Tag Archives: descriptive writing

Snapshots from a novel #4

I’ve been re-reading Peter Temple’s acclaimed The Broken Shore, partly because I wanted to prep for reading his Miles Franklin award-winning Truth. As I understand it, the two books aren’t sequential but some of the characters are shared. Whatever the case, I’ve enjoyed my second reading of The Broken Shore even more than the first.

The descriptive writing is very, very good and takes me back to places I visited and covered as a journalist out west on Victoria’s shipwreck coast. The images of small towns and their residents ring true, as does the daily pain endured by the battered lead detective.

The story begins and ends with this detective senior sergeant and his dogs – a pair of poodles. I can’t remember ever seeing dogs portrayed so vividly. Thanks to Temple, I can imagine their thumping tails, their cavorting through overgrown paddocks and exuberant exploration of puddled creekbeds.

Here’s a sample of the poodle passages:

“… as he put his hand out to the gate, they reached him. Their black curly heads tried to nudge him aside, insisting on entering first, strong black legs pushing. He unlatched the gate, they pushed it open enough to slip in, nose to tail, trotted down the path to the shed door. Both wanted to be first again, stood with tails up, furry scimitars, noses touching at the door jamb.” (p1)

“They walked back the long way, it was clearing now, pale blue islands in the sky, dogs ranging ahead like minesweepers.” (p64)

“… the dogs hunted the cleared area, much taken with the smells released by the mowing…” (p131)

“He fell asleep in the big shabby chair, woke in early light, two dogs nudging him, their tails crossing like furry metronomes.” (p135)

“The dogs bounded back to him, the lovely bouncing run, the ears afloat. They jumped up, put their paws on him and spoke to him.” (p184)

“It was long dark by the time he switched off and saw the torch beam coming down the side of the house, saw the running dogs side by side, heads up, big ears swinging. They were at the vehicle before he could get out. He had to fight their weight to open the door.” (p264)

There’s plenty more, too. I’m not a ‘dog person’ but Temple’s writing just about persuaded me to head down to the Lost Dogs’ Home and find a new friend. Don’t tell the kittens.

How to make judges smile

I started entering writing competitions when I was about 17. The encouragement I got from even the most obscure of commendations helped build my confidence, little by little. It was enough to keep me writing, even when I didn’t seem to be getting anywhere.

After the dust had settled from a competition, I always found it useful to hear what the judges were looking for and what they enjoyed. What gets published in an anthology and what misses out is always fascinating too. (Just don’t get sucked into buying a book on the hope that your work is in it. Unless you have confirmation you’re being published, wait and look at it in a library.)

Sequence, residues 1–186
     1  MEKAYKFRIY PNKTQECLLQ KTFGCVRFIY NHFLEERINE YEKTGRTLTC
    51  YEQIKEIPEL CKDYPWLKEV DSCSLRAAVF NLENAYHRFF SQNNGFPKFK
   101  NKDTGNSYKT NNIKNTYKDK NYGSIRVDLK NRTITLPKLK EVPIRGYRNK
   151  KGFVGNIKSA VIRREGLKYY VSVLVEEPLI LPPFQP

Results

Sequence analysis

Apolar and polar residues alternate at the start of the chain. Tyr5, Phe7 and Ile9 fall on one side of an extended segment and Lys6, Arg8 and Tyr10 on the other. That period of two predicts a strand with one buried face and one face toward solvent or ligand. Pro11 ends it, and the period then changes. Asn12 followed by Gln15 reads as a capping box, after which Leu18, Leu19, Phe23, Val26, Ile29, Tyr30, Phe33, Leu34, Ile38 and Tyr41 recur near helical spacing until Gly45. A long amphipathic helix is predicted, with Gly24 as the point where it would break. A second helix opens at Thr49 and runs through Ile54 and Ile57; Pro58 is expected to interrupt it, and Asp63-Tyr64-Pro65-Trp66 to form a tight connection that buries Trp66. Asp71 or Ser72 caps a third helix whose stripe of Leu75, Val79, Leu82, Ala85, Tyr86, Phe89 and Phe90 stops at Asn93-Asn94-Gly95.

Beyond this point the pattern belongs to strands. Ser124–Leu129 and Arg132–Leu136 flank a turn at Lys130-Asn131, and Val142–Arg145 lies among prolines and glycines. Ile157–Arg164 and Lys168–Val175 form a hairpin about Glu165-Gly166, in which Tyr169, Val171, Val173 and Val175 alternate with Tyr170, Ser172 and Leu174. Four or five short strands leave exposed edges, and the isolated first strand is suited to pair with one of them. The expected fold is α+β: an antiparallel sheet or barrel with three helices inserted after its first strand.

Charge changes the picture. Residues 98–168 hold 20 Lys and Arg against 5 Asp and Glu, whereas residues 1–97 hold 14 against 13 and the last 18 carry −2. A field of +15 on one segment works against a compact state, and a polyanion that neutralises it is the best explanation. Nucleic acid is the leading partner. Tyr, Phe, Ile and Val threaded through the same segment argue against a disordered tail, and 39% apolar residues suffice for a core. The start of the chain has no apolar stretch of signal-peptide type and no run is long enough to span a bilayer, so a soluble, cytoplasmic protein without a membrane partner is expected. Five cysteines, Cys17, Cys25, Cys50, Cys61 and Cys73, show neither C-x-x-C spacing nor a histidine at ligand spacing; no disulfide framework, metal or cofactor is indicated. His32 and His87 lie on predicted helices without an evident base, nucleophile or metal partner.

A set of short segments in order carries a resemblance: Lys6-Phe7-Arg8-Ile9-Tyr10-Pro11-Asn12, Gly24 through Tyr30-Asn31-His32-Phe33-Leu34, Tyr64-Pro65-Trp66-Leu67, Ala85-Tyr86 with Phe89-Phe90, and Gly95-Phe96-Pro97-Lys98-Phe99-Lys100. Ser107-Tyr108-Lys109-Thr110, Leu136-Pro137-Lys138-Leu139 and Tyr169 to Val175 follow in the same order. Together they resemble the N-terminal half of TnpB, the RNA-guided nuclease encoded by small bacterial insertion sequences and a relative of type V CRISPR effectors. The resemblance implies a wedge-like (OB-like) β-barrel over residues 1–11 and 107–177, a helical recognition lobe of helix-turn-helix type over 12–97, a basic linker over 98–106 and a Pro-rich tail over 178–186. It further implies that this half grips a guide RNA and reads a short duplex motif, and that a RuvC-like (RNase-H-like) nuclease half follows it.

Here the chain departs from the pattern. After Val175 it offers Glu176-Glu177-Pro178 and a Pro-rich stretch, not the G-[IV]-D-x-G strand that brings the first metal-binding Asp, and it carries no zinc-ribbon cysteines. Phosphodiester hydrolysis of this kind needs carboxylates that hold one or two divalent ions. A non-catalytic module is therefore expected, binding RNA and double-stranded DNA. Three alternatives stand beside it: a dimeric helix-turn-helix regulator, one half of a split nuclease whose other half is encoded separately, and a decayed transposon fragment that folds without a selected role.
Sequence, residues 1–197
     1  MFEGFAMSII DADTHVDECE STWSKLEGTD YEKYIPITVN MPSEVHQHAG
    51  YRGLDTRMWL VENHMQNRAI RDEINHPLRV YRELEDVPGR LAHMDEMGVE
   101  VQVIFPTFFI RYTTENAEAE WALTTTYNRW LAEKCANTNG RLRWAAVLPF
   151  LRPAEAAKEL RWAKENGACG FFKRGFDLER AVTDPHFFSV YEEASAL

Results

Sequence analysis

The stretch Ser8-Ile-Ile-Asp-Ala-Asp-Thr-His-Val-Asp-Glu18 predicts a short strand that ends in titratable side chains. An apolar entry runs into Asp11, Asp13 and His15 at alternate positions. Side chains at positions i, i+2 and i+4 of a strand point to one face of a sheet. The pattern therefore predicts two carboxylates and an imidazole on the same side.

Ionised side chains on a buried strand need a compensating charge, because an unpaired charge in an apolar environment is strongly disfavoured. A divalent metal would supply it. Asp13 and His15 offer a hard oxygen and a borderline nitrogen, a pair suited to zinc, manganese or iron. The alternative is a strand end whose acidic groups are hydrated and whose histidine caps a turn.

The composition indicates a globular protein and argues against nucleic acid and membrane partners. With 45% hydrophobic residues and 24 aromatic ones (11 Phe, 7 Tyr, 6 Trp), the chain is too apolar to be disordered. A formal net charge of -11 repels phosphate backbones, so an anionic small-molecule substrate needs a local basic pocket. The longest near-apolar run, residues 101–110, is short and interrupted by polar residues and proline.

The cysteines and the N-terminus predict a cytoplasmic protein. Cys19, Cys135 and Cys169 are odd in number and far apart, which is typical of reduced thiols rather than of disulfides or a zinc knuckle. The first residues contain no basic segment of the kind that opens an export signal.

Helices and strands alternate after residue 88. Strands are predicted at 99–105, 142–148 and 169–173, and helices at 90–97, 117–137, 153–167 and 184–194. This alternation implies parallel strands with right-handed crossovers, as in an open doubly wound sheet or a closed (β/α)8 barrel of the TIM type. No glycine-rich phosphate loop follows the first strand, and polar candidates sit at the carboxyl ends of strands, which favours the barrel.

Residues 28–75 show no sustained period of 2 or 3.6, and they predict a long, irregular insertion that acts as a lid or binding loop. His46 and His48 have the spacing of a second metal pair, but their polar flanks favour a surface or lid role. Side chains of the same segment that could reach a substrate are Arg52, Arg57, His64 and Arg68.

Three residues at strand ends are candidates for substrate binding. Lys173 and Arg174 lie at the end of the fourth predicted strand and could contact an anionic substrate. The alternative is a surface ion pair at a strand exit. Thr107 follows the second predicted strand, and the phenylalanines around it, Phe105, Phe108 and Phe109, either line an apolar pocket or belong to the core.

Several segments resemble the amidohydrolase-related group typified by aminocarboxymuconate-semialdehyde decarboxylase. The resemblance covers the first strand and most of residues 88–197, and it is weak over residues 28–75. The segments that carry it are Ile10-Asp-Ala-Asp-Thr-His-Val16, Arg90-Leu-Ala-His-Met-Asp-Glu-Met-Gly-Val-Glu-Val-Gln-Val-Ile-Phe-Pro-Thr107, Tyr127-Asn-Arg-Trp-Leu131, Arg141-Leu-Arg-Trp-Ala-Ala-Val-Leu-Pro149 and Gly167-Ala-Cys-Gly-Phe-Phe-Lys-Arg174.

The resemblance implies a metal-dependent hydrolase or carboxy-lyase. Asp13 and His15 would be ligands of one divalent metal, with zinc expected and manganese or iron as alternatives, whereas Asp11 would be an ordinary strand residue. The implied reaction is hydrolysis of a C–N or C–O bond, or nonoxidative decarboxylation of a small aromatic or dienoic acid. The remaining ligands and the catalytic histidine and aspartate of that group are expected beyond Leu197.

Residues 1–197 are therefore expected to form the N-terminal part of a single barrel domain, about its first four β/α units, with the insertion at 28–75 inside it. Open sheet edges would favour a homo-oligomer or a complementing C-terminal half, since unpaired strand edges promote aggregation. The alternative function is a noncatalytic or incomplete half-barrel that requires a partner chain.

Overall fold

Anyway, as mentioned previously, I have been judging a secondary school short story competition for several years now. I never meet the winners or their teachers so it is all very impersonal – but if I had the chance to chat with the entrants here are the tips I’d pass on:

1. Proof-read your work for spelling and grammar errors. Spell-check software doesn’t always work (e.g. someone had “delicate” when they meant “delegate”) and is set by default to US English rather than Australian. I’d rather read Aussie English than Bill Gates’ best guess.

2. Reading your work aloud is the best way to check how it will sound to other readers.

3. Strive for unique humour, situations or insights. Taking a character on a journey only to conclude with “it was all a dream” is … yawn … a tired idea. But perhaps the dream changed the character in some way … Perhaps the author has a new spin to put on this old idea.

4. Let your character grow or learn. When you put yourself in the character’s shoes, ask how the events of the story would have changed them.

5. Surprise me. Knock me off balance. (Read Roald Dahl short stories for some classic examples.)

6. Think about descriptive language and be innovative and fresh. “Ice cold”, for instance, is unnecessary; everyone knows that ice is cold. In what other ways could the cold be described? Cold as the footy clubroom showers? Cold as my sister’s glare? Cold as an empty bed. Create an image that works for you and then sell it to your reader.

Get all or even a few of these right and you’ll be a contender!

Oh, and fancy fonts and silly stationery just annoy judges. Stick to something that’s easy on the eye!